After more than a year of lockdowns, working from home, hybrid learning, and mask-wearing, the COVID-19 pandemic has us all feeling a little stir-crazy. And while kids are amazingly resilient, they aren’t exempt from the stress, anxiety, and loneliness we’ve all faced since the beginning of the coronavirus outbreak. Younger children may not fully grasp what’s happening in the world, but they know they miss their friends and usual school routine. Older kids and teenagers have a better understanding of what’s going on, but it doesn’t stop them from feeling isolated and depressed. The good news is that as more of the population receive vaccines, we become closer to returning to something that resembles normalcy. In the meantime, check out these smart ways to mitigate your family’s cabin fever. While safety is always a priority, outdoor activities for kids are generally considered lower-risk, especially when you remember to mask up.
- COVID Transmission: Does it Happen Outdoors?
- Safer Outdoor Activities for Kids and Families
- Putting the Social in Social Distancing
COVID Transmission: Does it Happen Outdoors?
Part of the frustration we’ve all experienced is that the particulars of COVID-19 are still very much a mystery, even to the experts. More than a year into the pandemic, it’s still such an unpredictable disease. Why do some people become seriously ill with the virus, while others are completely asymptomatic? Why do some elderly people—widely considered to be one of the highest-risk groups—not get very sick or experience symptoms at all? Why do some younger people with no underlying conditions require medical intervention to get well?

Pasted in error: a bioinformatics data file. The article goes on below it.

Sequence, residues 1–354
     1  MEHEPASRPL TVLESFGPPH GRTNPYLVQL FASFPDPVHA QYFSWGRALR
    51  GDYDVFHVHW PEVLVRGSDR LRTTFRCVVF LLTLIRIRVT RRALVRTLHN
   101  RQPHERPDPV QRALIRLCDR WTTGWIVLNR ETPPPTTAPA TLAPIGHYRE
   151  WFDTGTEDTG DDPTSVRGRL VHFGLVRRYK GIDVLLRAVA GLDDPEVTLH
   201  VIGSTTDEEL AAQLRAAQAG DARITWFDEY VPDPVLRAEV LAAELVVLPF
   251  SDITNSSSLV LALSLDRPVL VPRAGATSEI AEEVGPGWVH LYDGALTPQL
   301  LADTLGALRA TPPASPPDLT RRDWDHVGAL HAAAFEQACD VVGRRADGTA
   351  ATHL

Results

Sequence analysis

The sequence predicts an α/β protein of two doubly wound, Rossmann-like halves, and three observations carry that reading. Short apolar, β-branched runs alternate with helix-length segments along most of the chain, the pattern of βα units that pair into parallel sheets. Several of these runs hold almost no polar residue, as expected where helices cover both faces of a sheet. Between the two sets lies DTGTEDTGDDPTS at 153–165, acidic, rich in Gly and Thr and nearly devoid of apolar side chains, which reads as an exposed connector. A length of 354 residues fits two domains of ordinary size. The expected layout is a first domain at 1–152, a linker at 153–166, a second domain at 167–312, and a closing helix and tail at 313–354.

One thing we do know is that outdoor activities with proper social distancing measures in place present a lower risk than indoor ones. The air outdoors moves much more than in an enclosed space, making it more difficult to spread the virus via respiratory droplets. It’s still possible to spread COVID-19 outdoors, but following a few common-sense guidelines can help to minimize that risk. The CDC currently recommends staying six feet apart from people who do not live in your household and following your community’s mask mandate.
Safer Outdoor Activities for Kids and Families
Do your kids need to get out of the house? (Do you need your kids to get out of the house?) Check out some of these lower-risk outdoor activities you or your kids can enjoy with friends.
- Walking or hiking. It’s easy to stay six feet apart on side streets or hiking trails.
- Fishing. Sit six feet apart or wear a mask.
- Popular winter activities like skating, sledding, or snowboarding.
- Ultimate frisbee. Maintaining distance is easy here!
- Riding a bike or scooter.
- Having a small picnic. Each household should bring their own food and sit six feet apart.